A cow infected by LSD in Punjab. Photo provided by Dr Zaka Ullah Pathan

“After writing to the provincial chief secretaries, livestock departments, even the prime minister and as a last resort sending press releases to the media, the government finally took action, but the damage had already been done. Why didn’t they listen to us in time?” questioned an angry Gujjar, demanding an “inquiry against the bureaucrats for their criminal negligence when they knew everything”.

For example, he said, "the first vaccines to arrive in the country were kept at the cold storage at Karachi airport for a month before they were allowed to be used," he claimed. Even now, the task force set up by the Ministry of National Food Security and Research to combat LSD lacks representation of any genuine stakeholders, said Gujjar — a fact that he has pointed out to the prime minister in another letter.

Meanwhile, the meat sellers and milk sellers have not been happy with Gujjar either for bringing the government's attention to the disease, which led to huge losses for them when people stopped buying meat and milk. “They continue to threaten me with dire consequences,” he said.

“Had I not created this much noise, the disease would have devastated the entire cattle population, which has now been contained, in Sindh, at least." However, he predicted the dairy farmers will feel the consequences of this disease for a “very long time”, like it has, in the case of foot and mouth disease which continues to hound the livestock.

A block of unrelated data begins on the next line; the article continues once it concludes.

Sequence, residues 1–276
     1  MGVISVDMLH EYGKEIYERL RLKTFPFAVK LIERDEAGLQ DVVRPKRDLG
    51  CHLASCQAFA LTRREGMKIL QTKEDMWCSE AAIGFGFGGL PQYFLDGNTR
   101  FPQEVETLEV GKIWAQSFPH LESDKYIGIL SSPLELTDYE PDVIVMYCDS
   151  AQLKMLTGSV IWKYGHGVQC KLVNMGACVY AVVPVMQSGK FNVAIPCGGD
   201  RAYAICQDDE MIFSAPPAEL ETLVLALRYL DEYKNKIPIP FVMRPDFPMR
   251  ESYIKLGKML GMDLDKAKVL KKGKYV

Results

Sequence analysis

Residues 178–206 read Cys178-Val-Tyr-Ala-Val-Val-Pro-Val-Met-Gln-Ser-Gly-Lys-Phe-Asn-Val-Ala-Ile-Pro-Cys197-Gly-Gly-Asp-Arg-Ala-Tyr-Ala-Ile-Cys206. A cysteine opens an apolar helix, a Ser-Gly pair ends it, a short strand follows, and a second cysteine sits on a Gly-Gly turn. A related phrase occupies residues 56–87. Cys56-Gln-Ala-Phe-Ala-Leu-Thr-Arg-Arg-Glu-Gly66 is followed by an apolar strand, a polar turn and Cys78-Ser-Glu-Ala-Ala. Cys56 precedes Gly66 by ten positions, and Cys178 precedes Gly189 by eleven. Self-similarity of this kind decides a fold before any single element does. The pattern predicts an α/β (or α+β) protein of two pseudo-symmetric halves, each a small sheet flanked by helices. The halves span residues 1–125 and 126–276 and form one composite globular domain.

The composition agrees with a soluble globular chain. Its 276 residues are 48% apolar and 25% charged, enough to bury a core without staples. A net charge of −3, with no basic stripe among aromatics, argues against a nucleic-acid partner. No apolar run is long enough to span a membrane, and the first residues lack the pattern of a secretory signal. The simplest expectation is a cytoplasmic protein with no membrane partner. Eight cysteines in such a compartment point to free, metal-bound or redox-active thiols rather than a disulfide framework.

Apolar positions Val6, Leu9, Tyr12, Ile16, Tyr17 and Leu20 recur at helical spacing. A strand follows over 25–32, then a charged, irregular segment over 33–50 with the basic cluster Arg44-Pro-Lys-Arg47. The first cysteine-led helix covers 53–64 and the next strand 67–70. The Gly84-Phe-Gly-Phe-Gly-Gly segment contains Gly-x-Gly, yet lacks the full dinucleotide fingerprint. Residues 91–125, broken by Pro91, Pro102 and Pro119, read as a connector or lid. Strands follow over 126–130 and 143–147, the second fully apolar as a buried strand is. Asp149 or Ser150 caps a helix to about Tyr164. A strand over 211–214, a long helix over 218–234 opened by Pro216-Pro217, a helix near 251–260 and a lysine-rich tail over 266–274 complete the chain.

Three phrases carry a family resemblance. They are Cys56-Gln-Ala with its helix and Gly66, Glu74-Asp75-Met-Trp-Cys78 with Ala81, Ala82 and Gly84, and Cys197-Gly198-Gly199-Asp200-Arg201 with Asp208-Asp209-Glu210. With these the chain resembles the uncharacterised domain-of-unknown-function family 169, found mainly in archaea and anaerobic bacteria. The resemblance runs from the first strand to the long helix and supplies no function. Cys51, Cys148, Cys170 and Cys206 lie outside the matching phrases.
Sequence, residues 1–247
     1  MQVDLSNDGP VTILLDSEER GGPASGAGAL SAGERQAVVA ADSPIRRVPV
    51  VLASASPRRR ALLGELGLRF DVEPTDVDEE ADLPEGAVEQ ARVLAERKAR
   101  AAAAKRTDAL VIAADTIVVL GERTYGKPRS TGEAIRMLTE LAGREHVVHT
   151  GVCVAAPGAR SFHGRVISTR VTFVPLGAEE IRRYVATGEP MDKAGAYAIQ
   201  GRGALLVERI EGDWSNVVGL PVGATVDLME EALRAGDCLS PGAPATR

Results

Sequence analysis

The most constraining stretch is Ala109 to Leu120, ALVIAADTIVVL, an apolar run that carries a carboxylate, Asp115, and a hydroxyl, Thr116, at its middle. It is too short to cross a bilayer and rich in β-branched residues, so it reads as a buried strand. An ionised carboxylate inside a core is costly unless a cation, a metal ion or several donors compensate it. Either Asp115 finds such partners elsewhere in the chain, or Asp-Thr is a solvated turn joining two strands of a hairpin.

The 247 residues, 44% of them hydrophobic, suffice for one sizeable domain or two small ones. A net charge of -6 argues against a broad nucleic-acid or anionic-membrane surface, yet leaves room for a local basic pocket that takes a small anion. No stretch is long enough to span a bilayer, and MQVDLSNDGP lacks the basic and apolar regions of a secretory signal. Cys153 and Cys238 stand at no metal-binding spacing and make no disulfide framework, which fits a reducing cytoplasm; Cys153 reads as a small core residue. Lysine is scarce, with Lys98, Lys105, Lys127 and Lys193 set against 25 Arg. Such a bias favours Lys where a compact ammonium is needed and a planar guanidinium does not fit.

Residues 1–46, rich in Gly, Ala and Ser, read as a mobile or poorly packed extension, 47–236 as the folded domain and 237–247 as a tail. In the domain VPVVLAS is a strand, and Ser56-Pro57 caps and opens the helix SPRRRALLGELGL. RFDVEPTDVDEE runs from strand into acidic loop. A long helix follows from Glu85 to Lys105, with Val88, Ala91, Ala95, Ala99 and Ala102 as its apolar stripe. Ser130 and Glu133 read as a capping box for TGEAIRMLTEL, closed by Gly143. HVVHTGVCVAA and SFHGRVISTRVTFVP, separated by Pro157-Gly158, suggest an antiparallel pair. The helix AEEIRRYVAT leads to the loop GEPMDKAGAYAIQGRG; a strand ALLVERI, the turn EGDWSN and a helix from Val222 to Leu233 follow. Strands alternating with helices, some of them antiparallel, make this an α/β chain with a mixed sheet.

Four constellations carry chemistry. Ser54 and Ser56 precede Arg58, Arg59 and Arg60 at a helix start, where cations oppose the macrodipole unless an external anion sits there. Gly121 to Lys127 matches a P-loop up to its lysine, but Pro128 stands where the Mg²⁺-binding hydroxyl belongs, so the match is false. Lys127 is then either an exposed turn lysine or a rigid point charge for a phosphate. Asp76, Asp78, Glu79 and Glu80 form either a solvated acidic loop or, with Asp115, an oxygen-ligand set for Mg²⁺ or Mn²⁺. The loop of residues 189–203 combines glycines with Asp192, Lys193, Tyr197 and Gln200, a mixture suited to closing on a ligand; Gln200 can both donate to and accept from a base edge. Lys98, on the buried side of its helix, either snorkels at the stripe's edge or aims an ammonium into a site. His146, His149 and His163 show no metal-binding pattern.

The Sindh government, meanwhile, absolved itself from all blame, saying it had informed the federal government way back in November, when it found out. “We even sent samples to the National Veterinary Laboratory in Islamabad,” said Dr Kalhoro. “It took them till March 4 to confirm and declare the disease officially,” he added.

By April 4, the vaccine had been imported from Turkey and over 2.8 million of the province's total 11.39m cattle have been vaccinated thus far, according to data collected by the Livestock Department's Directorate-General. The same dataset reveals that over 53,000 cattle have been infected by the virus, of which 571 have died.

In addition, said Dr Kalhoro, the institute was preparing LSD vaccines in-house which should be ready by December. “It costs us Rs250 to vaccinate one animal from imported vaccine but when ours is ready, it will cost not more than Rs25, he said, “or even less”.

Farmers in Punjab, however, have not been so fortunate. According to Dr Yaqub, less than 10pc of the livestock population in Punjab has been vaccinated and that too with sheep and goat poxes, which according to Dr Pathan is just “50pc effective”. The Punjab government has yet to procure the imported vaccines, he informed.